Managing children's exposure to environmental chemicals

May 8, 2014 by Ken Branson
Managing children’s exposure to environmental chemicals
Keeping harmful chemicals away from children has become, quietly but definitely, one more thing for mothers to do.

Women, who do most of a family's shopping and day-to-day management, have quietly and uncomplainingly taken on yet another task: managing their children's exposure to potentially harmful environmental chemicals.Norah MacKendrick, assistant professor of sociology in Rutgers' School of Arts and Sciences, examines this trend in a new study published recently in the journal Gender and Society.

She's also coined a term for this task: precautionary consumption – which means, she says, the deployment of precaution to avoid chemicals in foods and commodities through a better-safe-than-sorry logic.

As precautionary consumers, women read articles and blogs about the effects of , parenting and pregnancy, and lots and lots of labels.

"Even before women get pregnant, they're receiving messages about what's in their bodies and how it can affect their children's health," she says. "They're told not to drink and not to smoke. Increasingly they're told to eat organic food. And now, they're wondering about what else might be in their bodies, like pesticides, lead, mercury, all sorts of chemicals."

MacKendrick based her study on in-depth interviews with 25 women she recruited while pursuing her doctorate at the University of Toronto. "I was looking at Canadian news coverage of chemicals in the environment, and it occurred to me that 20 years ago, they weren't talking about shopping our way out of this problem," MacKendrick says. "They were talking about environmental regulation."

Norah MacKendrick, assistant professor of sociology

Sensing a trend, MacKendrick went about recruiting her subjects – low-income, middle- and working-class women with children, married or with a male partner, aged from their early 20s to early 40s. She was not surprised to learn that women were very concerned about the effects of environmental chemicals on their children, or that they were interested in doing something about it. But two features of this particular issue were unique: First, this additional burden of labor deals with a ubiquitous risk, since environmental chemicals affect everyone, not just mothers and children. Second, accountability for the production and distribution of environmental chemicals lies outside women's individual bodies.

What also surprised her was that only one of the 25 women she interviewed considered this burden to be . . . well, a burden. "The process of learning all this stuff (about chemicals and their effects) is stressful," MacKendrick said. "I expected these women to say, 'This is such a hassle.' But only one woman said that. The others said that they just worked this into their routines."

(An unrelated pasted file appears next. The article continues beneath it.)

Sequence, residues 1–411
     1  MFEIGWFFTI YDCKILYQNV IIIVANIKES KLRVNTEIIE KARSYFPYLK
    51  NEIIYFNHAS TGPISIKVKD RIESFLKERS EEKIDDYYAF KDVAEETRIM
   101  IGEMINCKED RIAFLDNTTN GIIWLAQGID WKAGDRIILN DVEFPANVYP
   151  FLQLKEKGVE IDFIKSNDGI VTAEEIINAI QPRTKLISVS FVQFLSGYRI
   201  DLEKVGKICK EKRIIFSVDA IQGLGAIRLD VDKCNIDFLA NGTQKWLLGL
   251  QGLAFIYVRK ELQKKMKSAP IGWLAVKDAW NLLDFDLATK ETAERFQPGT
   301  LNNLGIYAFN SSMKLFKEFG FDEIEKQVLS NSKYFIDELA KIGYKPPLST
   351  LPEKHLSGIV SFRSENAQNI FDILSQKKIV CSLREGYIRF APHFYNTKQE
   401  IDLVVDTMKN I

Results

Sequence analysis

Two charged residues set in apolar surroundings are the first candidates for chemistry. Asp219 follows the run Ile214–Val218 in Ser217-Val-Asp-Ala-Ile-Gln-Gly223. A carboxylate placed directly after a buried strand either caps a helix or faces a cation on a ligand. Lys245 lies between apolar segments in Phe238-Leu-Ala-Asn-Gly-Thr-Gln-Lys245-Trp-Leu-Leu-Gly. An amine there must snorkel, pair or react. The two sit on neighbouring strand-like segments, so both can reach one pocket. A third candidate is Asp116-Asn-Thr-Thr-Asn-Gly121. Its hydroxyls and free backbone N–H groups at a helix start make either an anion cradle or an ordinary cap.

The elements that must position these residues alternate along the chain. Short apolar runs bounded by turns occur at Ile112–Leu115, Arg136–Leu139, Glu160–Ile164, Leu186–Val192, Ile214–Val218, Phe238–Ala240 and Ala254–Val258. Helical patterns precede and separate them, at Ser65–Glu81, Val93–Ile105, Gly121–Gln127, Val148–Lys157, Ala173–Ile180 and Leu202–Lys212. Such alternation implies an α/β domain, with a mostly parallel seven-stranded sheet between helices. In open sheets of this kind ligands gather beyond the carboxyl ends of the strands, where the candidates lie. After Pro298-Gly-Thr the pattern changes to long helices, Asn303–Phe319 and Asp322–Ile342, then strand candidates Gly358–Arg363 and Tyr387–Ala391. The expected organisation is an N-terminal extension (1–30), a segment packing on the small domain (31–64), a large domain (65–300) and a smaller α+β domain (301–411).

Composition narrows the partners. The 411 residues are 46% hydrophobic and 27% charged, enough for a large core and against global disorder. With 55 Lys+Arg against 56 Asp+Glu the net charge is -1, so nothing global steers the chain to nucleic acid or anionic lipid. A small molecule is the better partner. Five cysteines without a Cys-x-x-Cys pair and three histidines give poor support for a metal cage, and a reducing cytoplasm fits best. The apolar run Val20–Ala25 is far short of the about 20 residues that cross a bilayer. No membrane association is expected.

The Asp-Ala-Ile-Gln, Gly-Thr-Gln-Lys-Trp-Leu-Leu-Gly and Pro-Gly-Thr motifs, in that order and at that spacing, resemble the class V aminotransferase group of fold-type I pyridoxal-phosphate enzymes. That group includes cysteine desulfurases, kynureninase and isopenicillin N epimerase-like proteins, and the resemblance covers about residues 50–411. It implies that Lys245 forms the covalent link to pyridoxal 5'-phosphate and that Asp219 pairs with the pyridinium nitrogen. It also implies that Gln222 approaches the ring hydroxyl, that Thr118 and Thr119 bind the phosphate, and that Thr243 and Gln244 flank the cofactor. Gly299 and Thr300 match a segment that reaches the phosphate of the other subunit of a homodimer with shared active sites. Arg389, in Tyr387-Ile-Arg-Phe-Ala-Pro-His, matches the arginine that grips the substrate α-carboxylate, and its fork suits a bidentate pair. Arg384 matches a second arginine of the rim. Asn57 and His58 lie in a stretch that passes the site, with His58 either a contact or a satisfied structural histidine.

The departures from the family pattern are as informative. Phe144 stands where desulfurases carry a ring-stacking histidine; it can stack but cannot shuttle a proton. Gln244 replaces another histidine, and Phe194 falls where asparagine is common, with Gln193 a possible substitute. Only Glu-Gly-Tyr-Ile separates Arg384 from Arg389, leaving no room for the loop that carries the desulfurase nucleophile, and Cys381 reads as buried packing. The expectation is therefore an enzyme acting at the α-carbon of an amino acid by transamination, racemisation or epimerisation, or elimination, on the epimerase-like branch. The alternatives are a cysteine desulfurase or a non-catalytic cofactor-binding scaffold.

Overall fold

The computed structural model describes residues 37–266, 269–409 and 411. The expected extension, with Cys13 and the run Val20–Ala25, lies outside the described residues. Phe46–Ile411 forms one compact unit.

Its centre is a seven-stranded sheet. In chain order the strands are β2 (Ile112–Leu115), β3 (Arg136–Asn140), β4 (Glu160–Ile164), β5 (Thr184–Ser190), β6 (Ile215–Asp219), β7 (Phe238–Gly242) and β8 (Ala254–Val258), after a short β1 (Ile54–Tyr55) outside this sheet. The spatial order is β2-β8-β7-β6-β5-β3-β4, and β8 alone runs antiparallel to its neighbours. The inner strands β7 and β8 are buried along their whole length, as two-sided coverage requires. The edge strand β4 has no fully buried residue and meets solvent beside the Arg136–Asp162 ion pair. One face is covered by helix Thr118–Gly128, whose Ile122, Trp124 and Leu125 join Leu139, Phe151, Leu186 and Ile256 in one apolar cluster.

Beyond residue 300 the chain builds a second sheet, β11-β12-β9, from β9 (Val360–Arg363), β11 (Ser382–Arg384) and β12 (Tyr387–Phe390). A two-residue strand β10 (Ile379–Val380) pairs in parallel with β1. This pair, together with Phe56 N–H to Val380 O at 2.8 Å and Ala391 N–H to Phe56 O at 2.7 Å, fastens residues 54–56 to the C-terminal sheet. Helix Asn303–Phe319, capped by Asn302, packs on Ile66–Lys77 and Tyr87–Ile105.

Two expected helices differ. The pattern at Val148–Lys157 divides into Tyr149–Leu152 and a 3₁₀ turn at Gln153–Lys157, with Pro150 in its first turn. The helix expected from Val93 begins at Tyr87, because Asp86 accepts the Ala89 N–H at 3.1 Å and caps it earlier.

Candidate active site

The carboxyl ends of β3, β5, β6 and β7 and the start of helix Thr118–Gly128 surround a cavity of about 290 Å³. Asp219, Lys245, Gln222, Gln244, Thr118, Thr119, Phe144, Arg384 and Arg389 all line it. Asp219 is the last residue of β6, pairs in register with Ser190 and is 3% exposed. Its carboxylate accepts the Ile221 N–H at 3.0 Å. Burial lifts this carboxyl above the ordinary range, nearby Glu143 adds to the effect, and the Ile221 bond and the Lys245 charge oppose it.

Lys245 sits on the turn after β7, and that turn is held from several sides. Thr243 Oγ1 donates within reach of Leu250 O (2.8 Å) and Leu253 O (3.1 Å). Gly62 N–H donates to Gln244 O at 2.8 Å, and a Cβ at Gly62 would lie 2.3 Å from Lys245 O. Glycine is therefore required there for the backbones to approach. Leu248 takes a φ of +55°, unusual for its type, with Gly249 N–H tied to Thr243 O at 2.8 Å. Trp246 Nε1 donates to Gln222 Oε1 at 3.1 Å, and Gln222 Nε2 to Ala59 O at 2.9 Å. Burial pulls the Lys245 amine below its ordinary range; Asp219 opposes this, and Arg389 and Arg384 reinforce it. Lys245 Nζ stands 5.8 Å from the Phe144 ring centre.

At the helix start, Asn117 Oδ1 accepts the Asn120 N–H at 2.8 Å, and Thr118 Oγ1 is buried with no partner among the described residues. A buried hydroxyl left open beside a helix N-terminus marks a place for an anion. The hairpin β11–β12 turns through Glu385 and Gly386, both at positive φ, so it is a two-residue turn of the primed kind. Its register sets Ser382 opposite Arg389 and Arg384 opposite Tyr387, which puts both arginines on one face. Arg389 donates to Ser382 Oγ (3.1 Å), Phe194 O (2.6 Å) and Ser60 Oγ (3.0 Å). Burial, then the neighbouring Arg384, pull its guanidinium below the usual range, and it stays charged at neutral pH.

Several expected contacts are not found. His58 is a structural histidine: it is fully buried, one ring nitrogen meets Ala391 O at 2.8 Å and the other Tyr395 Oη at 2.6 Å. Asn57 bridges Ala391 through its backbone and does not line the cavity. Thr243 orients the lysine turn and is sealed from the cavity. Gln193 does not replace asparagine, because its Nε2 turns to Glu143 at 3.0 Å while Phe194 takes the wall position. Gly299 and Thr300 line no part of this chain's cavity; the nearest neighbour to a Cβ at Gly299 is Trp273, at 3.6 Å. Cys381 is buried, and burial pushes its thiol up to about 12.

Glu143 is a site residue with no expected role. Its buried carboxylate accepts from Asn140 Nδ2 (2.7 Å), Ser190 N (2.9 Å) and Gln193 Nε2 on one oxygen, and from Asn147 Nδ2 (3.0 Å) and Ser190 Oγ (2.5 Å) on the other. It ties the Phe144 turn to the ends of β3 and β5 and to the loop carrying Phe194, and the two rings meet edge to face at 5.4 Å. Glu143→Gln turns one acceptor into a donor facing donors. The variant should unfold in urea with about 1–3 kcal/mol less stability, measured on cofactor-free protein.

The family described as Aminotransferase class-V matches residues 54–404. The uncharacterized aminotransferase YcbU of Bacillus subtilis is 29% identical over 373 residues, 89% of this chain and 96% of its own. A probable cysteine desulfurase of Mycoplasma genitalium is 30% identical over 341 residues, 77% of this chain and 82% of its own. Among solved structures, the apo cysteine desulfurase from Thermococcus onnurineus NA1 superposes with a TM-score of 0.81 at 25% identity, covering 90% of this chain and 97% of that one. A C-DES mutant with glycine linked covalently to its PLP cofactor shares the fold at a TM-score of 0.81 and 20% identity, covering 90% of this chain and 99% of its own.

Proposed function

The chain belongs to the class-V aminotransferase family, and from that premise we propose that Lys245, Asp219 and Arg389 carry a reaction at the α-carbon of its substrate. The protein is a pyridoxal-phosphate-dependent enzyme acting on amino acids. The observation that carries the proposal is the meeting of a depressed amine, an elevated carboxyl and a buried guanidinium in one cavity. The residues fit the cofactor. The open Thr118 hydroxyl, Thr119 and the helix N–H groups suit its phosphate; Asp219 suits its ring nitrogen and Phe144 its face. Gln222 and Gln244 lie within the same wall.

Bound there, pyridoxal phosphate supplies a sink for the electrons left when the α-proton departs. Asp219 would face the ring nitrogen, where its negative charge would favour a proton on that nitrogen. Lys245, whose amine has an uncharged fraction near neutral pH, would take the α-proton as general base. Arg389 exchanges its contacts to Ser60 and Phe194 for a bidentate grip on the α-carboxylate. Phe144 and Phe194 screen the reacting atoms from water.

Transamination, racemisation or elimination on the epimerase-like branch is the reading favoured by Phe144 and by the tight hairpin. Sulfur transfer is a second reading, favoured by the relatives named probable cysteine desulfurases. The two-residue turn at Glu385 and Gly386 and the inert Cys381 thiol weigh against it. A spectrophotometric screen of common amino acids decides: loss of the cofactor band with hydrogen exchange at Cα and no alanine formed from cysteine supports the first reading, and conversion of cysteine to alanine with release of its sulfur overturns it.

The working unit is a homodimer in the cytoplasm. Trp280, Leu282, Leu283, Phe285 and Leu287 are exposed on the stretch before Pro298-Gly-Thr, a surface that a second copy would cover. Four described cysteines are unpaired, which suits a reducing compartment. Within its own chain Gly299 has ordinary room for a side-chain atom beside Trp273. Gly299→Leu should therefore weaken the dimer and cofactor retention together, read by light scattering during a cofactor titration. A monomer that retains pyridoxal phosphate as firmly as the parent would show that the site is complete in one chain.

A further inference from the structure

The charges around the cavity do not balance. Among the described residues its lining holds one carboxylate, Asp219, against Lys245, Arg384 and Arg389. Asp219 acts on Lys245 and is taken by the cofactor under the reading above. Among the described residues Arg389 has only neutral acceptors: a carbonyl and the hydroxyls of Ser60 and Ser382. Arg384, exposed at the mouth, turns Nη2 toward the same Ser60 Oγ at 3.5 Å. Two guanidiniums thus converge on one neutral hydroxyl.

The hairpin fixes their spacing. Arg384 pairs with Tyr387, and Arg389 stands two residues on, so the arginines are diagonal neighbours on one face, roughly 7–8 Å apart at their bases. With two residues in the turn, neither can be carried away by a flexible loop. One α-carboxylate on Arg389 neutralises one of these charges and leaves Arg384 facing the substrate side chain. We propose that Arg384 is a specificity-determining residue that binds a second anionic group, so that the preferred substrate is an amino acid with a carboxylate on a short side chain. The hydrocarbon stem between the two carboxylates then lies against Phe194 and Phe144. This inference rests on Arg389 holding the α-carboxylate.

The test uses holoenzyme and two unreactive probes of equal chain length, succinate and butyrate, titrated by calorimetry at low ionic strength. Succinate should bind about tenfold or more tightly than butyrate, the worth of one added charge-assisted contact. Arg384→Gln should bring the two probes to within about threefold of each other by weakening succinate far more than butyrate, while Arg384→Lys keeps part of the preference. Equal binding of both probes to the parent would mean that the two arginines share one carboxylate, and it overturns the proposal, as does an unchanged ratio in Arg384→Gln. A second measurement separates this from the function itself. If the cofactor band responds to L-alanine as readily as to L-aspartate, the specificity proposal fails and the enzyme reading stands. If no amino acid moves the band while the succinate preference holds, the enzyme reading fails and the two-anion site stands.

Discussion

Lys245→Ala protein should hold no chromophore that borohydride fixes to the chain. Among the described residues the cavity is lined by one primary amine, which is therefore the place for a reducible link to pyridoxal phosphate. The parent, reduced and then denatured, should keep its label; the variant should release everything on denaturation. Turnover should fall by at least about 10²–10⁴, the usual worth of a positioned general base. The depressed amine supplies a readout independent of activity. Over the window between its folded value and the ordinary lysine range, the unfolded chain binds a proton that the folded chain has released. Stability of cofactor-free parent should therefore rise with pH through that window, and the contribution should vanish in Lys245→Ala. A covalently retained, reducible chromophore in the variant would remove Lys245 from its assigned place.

Initially, MacKendrick had planned to include more men in her study, and she actually interviewed three fathers. Very few fathers who share in the household grocery shopping responded to her efforts to recruit more men in her study. So her paper focuses on her interviews with women.

As for the men she interviewed, they generally supported what the women were doing. "When I asked, 'Well, what do you do about this issue, they all said, 'My wife handles that. I don't think about it much.'"

Two of the 25 reported being challenged by partners about their precautionary consumption, mainly about the cost. She also found that middle-class respondents were able to practice a more complex kind of precautionary consumption compared to the low-income respondents. "Eating and buying nontoxic products is expensive, and that was a real issue for people with limited incomes."

MacKendrick was expecting her first child as she worked on this project. She now has two and is a precautionary consumer. "My husband is totally on board with it," she says. "But mostly, he leaves it up to me." Still, she is not completely satisfied with precautionary consumption as a solution to environmental toxins. "Ultimately it's up to government to regulate these substances. They're in our air, water and soil. There is only so much we can do as consumers."

Explore further: Reproductive health providers should discuss environmental exposure risks with patients

Related Stories

Autistic behaviours linked to banned pesticide

March 21, 2014

(Medical Xpress)—A new study co-authored by a Simon Fraser University researcher finds the children of pregnant women exposed to high levels of a flame retardant and a banned pesticide are more likely to exhibit autistic-like ...

Recommended for you

Bright lighting encourages healthy food choices

May 26, 2016

Dining in dimly lit restaurants has been linked to eating slowly and ultimately eating less than in brighter restaurants, but does lighting also impact how healthfully we order?

Big Data can save lives, says leading cancer expert

May 16, 2016

The sharing of genetic information from millions of cancer patients around the world could be key to revolutionising cancer prevention and care, according to a leading cancer expert from Queen's University Belfast.

New soap to ward off malaria carrying mosquitoes

May 13, 2016

(Medical Xpress)—Gérard Niyondiko along with colleagues Frank Langevin and Lisa Barutel has posted a project on the crowd source funding site ulule for a product called Faso Soap. They claim the soap can cut in half the ...


Please sign in to add a comment. Registration is free, and takes less than a minute. Read more

Click here to reset your password.
Sign in to get notified via email when new comments are made.